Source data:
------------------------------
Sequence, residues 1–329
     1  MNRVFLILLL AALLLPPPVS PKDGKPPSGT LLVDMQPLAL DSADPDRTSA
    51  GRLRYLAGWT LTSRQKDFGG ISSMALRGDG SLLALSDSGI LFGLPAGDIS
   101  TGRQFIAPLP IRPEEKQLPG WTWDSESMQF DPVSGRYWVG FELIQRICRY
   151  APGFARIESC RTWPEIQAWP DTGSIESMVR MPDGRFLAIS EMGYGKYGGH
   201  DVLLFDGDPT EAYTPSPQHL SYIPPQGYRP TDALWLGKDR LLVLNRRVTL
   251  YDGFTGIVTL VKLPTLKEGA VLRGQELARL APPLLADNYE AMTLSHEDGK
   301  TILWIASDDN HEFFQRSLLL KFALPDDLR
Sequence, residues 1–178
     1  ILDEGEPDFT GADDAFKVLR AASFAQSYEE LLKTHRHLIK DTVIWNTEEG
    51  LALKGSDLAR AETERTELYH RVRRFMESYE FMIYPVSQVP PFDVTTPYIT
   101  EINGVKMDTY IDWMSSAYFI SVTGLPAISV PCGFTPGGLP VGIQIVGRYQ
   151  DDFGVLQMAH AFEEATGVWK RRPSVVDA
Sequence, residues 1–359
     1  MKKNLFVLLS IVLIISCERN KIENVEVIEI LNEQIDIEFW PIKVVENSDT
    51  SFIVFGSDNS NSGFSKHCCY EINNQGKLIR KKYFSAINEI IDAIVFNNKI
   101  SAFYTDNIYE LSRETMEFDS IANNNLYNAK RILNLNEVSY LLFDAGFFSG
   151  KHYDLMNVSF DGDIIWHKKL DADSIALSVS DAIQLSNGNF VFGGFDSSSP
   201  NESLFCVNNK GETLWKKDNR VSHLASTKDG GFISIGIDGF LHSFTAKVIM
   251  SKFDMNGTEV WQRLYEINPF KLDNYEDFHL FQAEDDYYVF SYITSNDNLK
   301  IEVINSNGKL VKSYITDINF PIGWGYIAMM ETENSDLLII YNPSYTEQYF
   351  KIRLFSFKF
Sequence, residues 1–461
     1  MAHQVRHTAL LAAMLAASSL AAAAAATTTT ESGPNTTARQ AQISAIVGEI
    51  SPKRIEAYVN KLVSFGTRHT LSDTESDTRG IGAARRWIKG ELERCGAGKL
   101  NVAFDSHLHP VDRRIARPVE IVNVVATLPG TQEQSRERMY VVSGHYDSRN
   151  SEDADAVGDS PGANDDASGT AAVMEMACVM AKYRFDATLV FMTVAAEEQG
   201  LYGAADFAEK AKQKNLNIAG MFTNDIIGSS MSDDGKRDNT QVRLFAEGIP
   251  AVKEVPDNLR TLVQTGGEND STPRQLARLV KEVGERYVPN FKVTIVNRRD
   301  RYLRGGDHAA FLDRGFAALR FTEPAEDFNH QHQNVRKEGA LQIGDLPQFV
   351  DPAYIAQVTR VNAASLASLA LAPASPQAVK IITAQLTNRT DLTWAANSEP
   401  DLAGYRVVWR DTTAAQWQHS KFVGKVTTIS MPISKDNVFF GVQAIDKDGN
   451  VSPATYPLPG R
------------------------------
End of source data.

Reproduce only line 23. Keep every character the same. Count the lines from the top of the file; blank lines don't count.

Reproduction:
Sequence, residues 1–461